Don Witte, a longtime presence on APSP and NSPF technical and standards committees and a pioneer in testing the connection between drain covers and entrapment prevention, died in his sleep Nov. 19. He was 80.

“He was clearly one of the legends,” said Steve Barnes, chairman of the APSP Technical Committee. “But he was so humble he never talked about [his achievements].”

Donald Henry Witte (pronounced like witty) was born July 30, 1936 in Waterloo, Iowa and grew up in Fairmont, Minn. After attending the University of Minnesota in Minneapolis, he worked as a mechanical engineer in the Twin Cities. He worked with Baker Engineering, then American Can Company, where he designed machinery for packaging and automatic assembly equipment for the food industry.

In 1970, he joined vinyl-liner pool manufacturer Fox Pool Corporation as its director of engineering and product development. He remained until 1979, when he founded his own manufacturing firm, called Pooltech.

In 1984, Witte began his career as an expert witness and consultant for personal injury litigation involving pools and spas, a role he played until his passing.

Witte also was an inventor, holding 15 U.S. patents, most related to pools.

He capitalized on his engineering training in his volunteer work with the industry, as well. For 40 years, he served on various APSP committees dedicated to writing or updating codes and volunteer standards. He also served on the board of the National Swimming Pool Foundation for nine years.

“I think you will find his fingerprints all over major issues, including dealing with diving pools before the Meneely case,” Barnes said, referring to the diving lawsuit that resulted in the bankruptcy and reorganization of the Association of Pool & Spa Professionals' predecessor, NSPI.

Among Witte's peers, he was known for his passion regarding pool and spa safety. Along with others in the industry, including his frequent expert-witness partner, Bill Rowley, Witte built a test pool at his second home in Florida, helped by a grant from the National Swimming Pool Foundation. There, he and his collaborators would test pool drains by enacting hypothetical entrapment incidents to help inform industry standards and local codes. In this regard, Witte was a pioneer: He worked with Rowley to perform this style of testing decades before the issue of entrapment came to the fore.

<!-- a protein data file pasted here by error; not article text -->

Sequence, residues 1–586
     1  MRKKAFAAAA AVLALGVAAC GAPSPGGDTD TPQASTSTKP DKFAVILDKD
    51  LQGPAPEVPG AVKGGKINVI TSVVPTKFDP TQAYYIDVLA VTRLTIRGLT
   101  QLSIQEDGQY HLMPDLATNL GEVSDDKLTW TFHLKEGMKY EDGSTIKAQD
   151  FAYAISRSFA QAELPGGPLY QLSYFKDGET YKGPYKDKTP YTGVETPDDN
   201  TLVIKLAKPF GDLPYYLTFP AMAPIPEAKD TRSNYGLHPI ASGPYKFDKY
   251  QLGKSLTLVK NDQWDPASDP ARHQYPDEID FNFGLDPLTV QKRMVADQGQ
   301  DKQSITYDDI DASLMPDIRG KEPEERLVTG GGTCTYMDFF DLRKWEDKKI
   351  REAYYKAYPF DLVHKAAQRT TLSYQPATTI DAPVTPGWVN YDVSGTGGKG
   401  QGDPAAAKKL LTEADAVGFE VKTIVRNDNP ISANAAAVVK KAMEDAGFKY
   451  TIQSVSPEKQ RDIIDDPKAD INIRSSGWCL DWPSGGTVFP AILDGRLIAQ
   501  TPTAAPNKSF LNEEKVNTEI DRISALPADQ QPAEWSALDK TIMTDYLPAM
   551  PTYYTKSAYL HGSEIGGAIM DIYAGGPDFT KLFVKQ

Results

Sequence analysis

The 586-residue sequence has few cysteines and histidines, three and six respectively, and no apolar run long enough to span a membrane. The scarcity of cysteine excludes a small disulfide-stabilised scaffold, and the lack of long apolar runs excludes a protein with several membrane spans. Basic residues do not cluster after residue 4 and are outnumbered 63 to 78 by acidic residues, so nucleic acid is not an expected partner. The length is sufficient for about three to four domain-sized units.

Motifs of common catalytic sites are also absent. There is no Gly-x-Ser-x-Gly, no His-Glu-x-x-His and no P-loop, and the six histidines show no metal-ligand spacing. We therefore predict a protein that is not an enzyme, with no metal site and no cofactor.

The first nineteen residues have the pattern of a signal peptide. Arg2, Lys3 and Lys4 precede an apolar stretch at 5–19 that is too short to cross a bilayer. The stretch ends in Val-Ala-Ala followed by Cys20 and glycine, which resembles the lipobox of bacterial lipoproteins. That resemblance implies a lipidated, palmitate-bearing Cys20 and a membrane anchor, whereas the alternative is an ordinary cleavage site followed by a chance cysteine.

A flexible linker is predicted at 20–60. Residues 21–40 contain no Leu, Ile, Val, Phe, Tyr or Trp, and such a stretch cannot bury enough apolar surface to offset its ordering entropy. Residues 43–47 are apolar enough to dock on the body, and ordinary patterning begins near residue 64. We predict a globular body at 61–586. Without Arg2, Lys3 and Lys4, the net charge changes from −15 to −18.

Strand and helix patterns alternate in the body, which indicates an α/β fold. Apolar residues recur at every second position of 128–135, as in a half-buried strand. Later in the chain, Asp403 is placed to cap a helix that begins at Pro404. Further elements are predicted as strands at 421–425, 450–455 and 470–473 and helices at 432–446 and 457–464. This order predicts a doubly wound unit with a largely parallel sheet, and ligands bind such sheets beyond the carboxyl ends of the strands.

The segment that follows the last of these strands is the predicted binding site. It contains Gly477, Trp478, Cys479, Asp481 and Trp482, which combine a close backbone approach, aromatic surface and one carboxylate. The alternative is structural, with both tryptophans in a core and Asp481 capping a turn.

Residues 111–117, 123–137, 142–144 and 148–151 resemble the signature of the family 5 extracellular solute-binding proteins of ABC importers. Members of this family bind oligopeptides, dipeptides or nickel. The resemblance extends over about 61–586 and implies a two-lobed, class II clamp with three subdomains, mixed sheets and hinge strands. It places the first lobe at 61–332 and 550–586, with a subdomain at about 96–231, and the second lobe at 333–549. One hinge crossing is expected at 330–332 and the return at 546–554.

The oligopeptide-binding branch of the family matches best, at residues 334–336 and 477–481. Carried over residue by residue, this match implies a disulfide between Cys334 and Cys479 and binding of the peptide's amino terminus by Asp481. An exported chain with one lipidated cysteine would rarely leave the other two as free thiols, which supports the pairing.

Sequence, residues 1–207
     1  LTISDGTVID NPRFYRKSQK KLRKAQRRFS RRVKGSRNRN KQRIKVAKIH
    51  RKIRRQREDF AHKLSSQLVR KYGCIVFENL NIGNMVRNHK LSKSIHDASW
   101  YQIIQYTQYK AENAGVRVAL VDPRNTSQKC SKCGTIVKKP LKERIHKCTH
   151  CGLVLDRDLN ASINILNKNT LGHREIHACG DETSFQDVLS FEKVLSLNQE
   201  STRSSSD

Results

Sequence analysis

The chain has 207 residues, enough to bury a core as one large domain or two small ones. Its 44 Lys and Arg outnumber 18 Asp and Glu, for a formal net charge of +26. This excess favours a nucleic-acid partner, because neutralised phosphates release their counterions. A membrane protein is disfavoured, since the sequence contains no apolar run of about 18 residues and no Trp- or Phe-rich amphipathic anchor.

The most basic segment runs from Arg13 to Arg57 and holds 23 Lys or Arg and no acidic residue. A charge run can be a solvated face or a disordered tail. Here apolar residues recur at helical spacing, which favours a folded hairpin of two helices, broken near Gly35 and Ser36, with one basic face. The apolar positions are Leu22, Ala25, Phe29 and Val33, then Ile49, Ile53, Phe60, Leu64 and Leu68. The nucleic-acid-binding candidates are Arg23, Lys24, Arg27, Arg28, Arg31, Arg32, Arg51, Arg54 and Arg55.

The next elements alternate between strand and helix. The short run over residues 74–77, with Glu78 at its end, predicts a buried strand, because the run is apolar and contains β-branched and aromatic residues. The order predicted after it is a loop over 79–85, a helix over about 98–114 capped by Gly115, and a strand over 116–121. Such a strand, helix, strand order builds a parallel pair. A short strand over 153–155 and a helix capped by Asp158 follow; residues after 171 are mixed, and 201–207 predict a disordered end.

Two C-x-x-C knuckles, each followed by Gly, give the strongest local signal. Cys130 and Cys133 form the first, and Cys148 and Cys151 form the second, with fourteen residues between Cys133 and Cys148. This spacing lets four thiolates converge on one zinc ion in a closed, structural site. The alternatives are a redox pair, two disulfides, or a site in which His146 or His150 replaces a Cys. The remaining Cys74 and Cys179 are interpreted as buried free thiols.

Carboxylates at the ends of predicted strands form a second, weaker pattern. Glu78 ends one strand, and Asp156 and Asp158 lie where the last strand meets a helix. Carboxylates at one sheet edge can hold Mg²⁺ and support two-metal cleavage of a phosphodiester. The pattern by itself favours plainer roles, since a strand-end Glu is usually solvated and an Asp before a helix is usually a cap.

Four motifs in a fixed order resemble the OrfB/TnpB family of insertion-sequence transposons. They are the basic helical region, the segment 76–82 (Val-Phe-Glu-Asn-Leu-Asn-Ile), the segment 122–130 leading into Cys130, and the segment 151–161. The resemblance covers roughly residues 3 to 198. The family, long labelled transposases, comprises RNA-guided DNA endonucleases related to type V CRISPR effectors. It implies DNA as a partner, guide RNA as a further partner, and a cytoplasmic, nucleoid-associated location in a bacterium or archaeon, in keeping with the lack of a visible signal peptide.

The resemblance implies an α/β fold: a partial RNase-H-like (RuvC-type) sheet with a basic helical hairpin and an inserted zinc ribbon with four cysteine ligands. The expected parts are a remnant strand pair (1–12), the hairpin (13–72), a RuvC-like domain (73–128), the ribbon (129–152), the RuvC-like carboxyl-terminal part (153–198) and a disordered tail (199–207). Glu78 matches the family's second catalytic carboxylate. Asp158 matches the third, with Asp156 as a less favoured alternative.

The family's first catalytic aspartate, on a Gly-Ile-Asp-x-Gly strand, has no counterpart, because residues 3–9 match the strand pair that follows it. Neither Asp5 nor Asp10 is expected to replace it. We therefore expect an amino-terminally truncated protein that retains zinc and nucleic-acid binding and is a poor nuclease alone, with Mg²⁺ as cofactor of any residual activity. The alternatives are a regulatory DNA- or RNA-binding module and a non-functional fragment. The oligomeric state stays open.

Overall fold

But, being in Florida, the pool was subject to hurricanes, as professionals who participated in tests with Witte witnessed first- and secondhand.

Don Witte (left), with frequent collaborator William Rowley at a test pool built on Witte's property.
NSPF Don Witte (left), with frequent collaborator William Rowley at a test pool built on Witte's property.

“A hurricane came through, and one of the palm trees he had fell down, right across the test tank, and crushed it,” said Rowley, of Rowley Forensic Engineering in Palos Verdes Estates, Calif. “I think there were three or four panels that were bent and just trashed, but he had some extra ones … and we went down and put the whole thing back together and we lived to fight another day!”